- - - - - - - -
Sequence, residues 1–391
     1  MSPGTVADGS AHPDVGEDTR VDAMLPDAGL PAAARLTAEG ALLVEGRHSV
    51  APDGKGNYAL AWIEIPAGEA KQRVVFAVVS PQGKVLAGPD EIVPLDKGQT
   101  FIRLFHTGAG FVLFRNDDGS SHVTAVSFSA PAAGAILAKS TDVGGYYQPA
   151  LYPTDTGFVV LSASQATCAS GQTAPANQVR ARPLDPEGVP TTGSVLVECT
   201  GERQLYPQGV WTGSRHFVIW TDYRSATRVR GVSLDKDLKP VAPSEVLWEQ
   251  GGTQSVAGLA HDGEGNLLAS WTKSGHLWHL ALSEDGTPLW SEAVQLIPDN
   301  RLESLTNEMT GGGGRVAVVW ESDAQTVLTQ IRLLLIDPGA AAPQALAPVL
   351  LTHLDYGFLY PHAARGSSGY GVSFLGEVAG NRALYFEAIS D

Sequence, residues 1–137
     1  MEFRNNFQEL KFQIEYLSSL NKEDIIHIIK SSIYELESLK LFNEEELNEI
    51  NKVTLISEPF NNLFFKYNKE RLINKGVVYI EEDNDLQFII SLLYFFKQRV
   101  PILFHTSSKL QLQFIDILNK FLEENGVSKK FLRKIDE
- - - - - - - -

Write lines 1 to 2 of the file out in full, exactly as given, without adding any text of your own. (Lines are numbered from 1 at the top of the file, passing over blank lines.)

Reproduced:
Sequence, residues 1–391
     1  MSPGTVADGS AHPDVGEDTR VDAMLPDAGL PAAARLTAEG ALLVEGRHSV